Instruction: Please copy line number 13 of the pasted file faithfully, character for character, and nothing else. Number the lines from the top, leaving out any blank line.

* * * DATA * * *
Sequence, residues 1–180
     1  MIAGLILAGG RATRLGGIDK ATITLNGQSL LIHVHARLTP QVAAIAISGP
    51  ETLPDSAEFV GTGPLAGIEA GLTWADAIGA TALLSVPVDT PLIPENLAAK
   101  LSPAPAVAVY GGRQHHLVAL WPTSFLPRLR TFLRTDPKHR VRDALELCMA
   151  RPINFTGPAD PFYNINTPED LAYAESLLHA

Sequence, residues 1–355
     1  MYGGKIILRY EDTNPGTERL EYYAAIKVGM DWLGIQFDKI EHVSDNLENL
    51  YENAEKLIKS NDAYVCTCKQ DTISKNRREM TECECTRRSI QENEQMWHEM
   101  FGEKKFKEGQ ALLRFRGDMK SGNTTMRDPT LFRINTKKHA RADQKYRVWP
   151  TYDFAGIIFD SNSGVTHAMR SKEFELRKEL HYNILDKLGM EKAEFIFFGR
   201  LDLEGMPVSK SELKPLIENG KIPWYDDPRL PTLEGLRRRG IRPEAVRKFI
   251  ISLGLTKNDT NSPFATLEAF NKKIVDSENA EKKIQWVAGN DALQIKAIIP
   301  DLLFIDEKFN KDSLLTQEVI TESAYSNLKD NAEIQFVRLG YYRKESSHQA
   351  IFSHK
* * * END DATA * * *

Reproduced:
   301  DLLFIDEKFN KDSLLTQEVI TESAYSNLKD NAEIQFVRLG YYRKESSHQA